5 thoughts on “Metadata is not an Afterthought”

  1. The whole purpose of having a content strategy is to have a structure or outline of what content you plan to present in what context, whether it is for a blog, a website, or even a single article. I’ve never been able to complete a writing project until I, at least mentally, if not in a formal outline, developed a structure that enabled me to introduce a topic, cover it in a structured order, and conclude it appropriately. As a student, and later as a technical writer, once I could “see” the structure, the writing would start to flow, and seem to finish itself. I thoroughly agree that the structure has to come first. You may still want to index it or append additional metadata tags that you did not think of initially, but without the basic structure, how do you know where to start?.

    1. Thanks for the comment. You are absolutely right, plans and outlines are metadata, they are created before the content, and they shape how it is written. The difference between structured and unstructured writing is not so much that structured writing has metadata and unstructured does not, but that structured writing unites the metadata and the content, whereas unstructured writing separates them, and often disposes of the metadata after the writing is done. But people trying to figure out where to start in the structured use of metadata should indeed look to all the planning and outlining tools they have used in the past as a starting point for defining the kinds of metadata they need to collect.

  2. This is a really nice way of putting into perspective the real difference between structured and unstructured authoring. Especially, for those who believe that structured authoring is only for big organizations where content reuse and information mapping are a prerequisite.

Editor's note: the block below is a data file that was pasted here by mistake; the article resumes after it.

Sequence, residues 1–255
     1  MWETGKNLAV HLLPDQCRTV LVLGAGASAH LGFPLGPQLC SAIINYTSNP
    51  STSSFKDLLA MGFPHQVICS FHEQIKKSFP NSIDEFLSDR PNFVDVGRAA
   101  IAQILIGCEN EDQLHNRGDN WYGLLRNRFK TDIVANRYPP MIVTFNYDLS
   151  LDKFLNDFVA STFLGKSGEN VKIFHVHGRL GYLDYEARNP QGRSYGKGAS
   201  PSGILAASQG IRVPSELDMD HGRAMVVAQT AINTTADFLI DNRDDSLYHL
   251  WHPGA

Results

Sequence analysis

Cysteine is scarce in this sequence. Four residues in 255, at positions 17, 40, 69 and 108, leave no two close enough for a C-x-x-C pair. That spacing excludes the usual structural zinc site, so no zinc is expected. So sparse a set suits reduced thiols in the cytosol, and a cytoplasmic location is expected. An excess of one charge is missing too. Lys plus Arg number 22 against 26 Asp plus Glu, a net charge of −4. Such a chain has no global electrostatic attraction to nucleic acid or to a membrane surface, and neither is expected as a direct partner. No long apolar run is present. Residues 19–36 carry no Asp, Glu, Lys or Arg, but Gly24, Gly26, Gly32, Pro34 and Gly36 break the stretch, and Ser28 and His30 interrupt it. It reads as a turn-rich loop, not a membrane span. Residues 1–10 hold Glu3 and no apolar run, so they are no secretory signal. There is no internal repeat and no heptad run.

I just want to add here that considering that this is a one-time activity, the approach may change for authors after the schema is created and things have been streamlined in terms of metadata tagging and structured validations.

    1. Thanks for the comment, Preeti,

      Personally, I’ve always felt that structured writing is harder for large organizations than for small ones. Large organizations often believe that the only way to make structured writing affordable is to develop a single structure for use across the entire organization. But it is a gargantuan activity to develop a single structure that will satisfy everyone in a large organization, so these projects turn out to be expensive and time consuming, which makes small organizations think that they can’t possible afford them. In fact, smaller organizations with less diverse needs, can have a much easier time developing a working structured writing system. Larger organizations could too, if they stopped trying to please everyone with a single monolithic system.

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